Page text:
Scientists find a better way to detect your pain levels

In a new study, researchers have developed a system that measures a patient’s pain level by analyzing brain activity from a portable neuroimaging device.

The new device could help doctors diagnose and treat pain in unconscious and noncommunicative patients and reduce the risk of chronic pain that can occur after surgery.

The research was conducted by a team from MIT and other institutes.

Pain management is a big challenging, complex balancing act.

Over-treating pain runs the risk of addicting patients to pain medication, but under-treating pain may lead to long-term chronic pain and other complications.

Currently, doctors generally gauge pain levels according to their patients’ own reports of how they’re feeling.

But this method is not useful for people who can’t communicate how they’re feeling effectively, such as children, elderly patients with dementia, or those undergoing surgery.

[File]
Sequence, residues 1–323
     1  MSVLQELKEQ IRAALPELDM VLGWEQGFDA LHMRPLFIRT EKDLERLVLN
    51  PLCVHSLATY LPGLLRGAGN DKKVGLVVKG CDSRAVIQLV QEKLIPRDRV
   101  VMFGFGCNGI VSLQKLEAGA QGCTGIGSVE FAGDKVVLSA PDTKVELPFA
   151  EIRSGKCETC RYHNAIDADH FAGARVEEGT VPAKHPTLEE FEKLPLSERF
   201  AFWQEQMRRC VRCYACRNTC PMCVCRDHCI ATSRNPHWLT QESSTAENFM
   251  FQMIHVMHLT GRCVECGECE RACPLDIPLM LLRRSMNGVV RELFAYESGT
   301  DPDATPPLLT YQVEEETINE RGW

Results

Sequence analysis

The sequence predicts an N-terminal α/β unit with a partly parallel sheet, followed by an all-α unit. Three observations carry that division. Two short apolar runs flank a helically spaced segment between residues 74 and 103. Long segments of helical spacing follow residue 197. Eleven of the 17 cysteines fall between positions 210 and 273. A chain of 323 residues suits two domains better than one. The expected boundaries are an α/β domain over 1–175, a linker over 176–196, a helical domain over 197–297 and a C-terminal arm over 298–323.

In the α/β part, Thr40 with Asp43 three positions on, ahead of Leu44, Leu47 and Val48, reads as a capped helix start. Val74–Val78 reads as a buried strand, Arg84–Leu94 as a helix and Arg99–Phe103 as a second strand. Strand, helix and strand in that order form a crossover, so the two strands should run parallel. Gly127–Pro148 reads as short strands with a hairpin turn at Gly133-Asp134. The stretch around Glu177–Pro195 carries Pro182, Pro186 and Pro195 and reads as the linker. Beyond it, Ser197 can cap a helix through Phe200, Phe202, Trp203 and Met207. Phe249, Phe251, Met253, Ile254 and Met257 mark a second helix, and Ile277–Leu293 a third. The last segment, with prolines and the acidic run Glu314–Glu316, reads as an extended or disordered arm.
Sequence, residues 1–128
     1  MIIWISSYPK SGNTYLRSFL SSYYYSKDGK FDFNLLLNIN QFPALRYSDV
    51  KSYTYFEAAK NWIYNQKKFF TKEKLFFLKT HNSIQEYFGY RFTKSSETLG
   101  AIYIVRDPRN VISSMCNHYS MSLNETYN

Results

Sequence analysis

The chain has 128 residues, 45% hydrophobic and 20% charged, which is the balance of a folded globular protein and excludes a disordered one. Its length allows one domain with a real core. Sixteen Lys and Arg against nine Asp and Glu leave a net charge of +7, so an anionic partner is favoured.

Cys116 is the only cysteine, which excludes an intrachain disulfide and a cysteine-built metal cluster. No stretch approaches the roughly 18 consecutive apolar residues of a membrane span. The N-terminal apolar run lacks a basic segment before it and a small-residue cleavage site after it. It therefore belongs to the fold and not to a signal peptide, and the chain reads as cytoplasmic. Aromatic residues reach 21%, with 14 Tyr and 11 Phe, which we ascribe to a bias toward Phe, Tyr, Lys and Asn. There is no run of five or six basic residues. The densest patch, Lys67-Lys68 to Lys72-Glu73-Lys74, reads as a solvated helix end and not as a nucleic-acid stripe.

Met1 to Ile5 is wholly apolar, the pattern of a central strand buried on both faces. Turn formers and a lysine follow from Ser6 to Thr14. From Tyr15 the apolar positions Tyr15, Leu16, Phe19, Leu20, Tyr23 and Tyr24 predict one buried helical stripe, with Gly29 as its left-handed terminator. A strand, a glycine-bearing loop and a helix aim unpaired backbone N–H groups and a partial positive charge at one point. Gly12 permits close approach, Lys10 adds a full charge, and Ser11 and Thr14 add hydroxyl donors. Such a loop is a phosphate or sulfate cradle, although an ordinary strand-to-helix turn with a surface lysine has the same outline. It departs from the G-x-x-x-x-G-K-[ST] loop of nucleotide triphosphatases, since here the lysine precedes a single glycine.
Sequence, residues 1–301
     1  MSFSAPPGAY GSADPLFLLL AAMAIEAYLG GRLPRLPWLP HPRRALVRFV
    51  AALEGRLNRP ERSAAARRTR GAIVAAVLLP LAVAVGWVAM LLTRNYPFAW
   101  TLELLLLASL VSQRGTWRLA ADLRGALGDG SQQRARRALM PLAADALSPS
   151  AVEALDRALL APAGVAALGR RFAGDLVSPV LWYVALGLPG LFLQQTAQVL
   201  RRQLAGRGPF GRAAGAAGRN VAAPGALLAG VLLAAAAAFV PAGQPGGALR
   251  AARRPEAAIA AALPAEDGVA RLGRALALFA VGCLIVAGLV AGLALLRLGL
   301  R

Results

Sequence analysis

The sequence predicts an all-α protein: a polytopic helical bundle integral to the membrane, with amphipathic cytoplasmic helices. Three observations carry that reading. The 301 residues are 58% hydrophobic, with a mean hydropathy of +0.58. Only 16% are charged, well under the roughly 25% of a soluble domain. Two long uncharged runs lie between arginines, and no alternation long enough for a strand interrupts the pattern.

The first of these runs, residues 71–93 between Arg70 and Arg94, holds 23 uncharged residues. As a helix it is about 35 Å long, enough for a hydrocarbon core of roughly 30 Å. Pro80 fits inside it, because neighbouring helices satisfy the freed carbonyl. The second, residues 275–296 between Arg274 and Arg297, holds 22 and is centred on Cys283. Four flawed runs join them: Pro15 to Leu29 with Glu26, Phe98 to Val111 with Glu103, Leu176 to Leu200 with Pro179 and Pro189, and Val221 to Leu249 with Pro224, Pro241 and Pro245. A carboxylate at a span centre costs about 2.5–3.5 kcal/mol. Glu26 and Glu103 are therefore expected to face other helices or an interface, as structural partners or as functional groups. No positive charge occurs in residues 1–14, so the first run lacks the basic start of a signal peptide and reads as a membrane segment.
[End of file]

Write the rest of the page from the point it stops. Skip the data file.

In the new study, the team developed a method to quantify pain in patients.

They used an emerging neuroimaging technique called functional near-infrared spectroscopy (fNIRS), in which sensors placed around the head measure oxygenated hemoglobin concentrations that indicate neuron activity.

The team used only a few fNIRS sensors on a patient’s forehead to measure activity in the prefrontal cortex, which plays a major role in pain processing.

Using the measured brain signals, they developed personalized machine-learning models to detect patterns of oxygenated hemoglobin levels linked to pain responses.

They found the models can detect whether a patient is experiencing pain with around 87% accuracy.

The team says they have a solid basis for bringing this technology to a real-world clinical setting.

They hope this new device could help improve pain detection in more patients.

One author of the study is Daniel Lopez-Martinez, a Ph.D. student in the Harvard-MIT Program.

The study was presented at the International Conference on Affective Computing and Intelligent Interaction.

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